We have all been assigned the task of deciphering Hazel's letter groups, formed on the night of her interaction with the white light in the haunted barn, on page 188. "pada ata lane pad not ogo old wart alan ther tale feur far rant lant tal tol"

What is to be made out of this? What could resemble these clusters of words? A great many things, undoubtedly, since the name of the distant northern land properly is, according to Kinbote near the end of the commentary, Zembla-Land of Resemblances. It is not life, but it is an imitation of life, as all of N.'s work and all creative writing is. Being me, I was suddenly reminded of this trashy 1950's soap opera-type movie directed by Douglas Sirk entitled Imitation of Life. Huh-huh. Curioser and curioser.

And how the names of the Judge's daughters(whom Kinbote is doing a shitty job housesitting for) are named in alphabetical order from A to D. So are Charles Xavier's relatives--Alphin, Blenda, Charles, Disa. So this is where Kinbote got it from!

N. claimed to hate TS Eliot, and yet he has Hazel, in the poem Pale Fire, ask the meaning of three words: chtonic(having to do with the underworld), grimpen(a swamp or mire) and sempiturnal(divurging off from the eternal), all of which are to be found in The Four Quartets. Oh N. you tease!

Friday, October 16, 2009

Something which we have discovered is the meaning of a lemniscate, mentioned in Pale Fire in canto one of the poem. It is a figure -eight, at least that is how best I can describe it. I now know what a figure eight's proper name is. And, in seeing one as made by bicycle tires, Shade experiences something which a German philosopher named Behma(sic?) called "the signature of all things." All of this goes right over Kinbote's head. Why are we not suprised?

Another large thing that discussed is the imagination, and the role it plays in empathy and understanding and reasoning, perhaps even more so than direct experience. Stephan Crane hadn't been in battle(he was just a correspondent)yet he wrote The Red Badge of Courage. N. is also a firm believer in the superior power of the imagination--this is what enfuses so much of N.'s fictive universe that it must not be underestimated.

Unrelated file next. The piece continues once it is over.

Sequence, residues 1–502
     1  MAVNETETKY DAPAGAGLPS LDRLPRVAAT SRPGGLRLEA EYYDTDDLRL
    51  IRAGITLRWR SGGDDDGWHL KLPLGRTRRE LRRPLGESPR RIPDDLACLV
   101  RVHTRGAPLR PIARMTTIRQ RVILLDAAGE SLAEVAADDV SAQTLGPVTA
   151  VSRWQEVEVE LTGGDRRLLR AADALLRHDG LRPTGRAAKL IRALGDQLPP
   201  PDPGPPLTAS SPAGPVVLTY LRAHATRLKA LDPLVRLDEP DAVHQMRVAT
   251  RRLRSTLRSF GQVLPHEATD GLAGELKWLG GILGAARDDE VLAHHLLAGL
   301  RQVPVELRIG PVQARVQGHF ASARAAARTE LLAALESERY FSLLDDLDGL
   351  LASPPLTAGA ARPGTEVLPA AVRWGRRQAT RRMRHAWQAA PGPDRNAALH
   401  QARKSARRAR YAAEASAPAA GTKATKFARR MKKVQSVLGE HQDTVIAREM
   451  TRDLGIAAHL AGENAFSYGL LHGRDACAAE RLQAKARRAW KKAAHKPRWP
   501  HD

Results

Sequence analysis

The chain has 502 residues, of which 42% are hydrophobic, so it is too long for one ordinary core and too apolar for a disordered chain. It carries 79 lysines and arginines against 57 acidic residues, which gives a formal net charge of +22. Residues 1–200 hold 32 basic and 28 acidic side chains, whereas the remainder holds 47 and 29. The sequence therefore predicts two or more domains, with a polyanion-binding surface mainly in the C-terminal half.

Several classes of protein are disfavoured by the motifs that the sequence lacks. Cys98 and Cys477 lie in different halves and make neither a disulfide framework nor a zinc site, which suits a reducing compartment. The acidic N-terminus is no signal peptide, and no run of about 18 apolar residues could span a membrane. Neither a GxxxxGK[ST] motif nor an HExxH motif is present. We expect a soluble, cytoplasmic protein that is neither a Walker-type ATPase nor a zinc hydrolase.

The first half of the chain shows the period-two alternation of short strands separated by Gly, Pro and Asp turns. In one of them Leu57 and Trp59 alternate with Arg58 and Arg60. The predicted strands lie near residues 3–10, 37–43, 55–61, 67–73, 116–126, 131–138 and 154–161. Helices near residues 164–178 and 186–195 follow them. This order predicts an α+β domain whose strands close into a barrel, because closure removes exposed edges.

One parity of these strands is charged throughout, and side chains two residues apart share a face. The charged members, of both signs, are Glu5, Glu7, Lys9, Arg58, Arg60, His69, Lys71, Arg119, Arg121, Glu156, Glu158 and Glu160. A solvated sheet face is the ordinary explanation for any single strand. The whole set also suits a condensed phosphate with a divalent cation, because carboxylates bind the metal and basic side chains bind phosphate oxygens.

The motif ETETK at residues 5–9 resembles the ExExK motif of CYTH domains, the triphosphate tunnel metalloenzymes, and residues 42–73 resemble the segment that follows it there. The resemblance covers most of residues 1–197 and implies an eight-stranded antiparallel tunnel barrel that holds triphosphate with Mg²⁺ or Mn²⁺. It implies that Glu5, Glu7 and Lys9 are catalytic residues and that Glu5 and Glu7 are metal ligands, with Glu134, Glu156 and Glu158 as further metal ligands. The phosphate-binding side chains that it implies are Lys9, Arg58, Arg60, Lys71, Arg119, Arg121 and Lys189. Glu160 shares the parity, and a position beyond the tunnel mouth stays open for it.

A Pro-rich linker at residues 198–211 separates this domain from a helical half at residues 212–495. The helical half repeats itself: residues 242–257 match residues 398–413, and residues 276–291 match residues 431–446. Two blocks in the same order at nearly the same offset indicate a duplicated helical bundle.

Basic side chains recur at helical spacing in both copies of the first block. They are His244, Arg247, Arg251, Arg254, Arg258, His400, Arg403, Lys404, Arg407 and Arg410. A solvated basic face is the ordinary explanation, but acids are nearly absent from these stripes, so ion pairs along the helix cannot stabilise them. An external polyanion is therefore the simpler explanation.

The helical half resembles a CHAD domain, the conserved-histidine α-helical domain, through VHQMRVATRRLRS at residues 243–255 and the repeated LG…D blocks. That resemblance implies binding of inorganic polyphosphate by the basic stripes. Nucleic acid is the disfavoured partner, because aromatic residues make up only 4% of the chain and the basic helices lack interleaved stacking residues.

Tuesday, October 13, 2009

Class began with the recommendation from Mr. Sexson of a new novel entitled Generosity by Richard Powers. This title is probably the attribute that the poet of Pale Fire, John Shade, has in greatest abundance. And that which the commentator/critic/stalker Charles Kinbote(and do we pronounce the e or not?)has the least amount of.

The general consensus, at least at the beginning, is that Pale Fire is a daunting text. But, is it really? The main thing that it probably ends up really being about is this question: what do you(the reader) bring to the text? If you're Kinbote, whatever you damn-well please. Or, rather, you bring to it the story of revolution and attempted regicide and daring escape in Zembla, a distant Northern land for those who do not know. The poem may in fact be a eulogy for the death of the poet's daughter Hazel; but if you're the commentator than you have the last word!

And of course, Kinbote is what could be called an unreliable narrator, which we have had from at least when Henry James wrote The Turn of the Screw.

Apparently absolutely everybody is a thief(everything you think, say, do and so on you got from somebody else). And this is exactly what Pale Fire is concerned with. Its no accident that the line from Timon of Athens that gives it the title goes : "The moon is an arrant thief, and its pale fire it stealth from the sun." I intend to double check and make sure that quote is correct.

Tuesday, October 6, 2009

We listened to a ten minute NPR segment on the 50th anniversary of Lolita, which was rather interesting, not the least because of the unintended humor of an interviewee named "Carol Tart". You'd think it was a name N. had come up with.

And, Jennie Lynn has proved in her latest blog that N. was rather influenced by Finnegans Wake, despite his assertions of dislike for it. Little children making a RAYNBOW... how oddly Joycean, and Nabokovian.

And we made up answers for the test on Thursday. We shall see what happens if McFate doesn't intervene.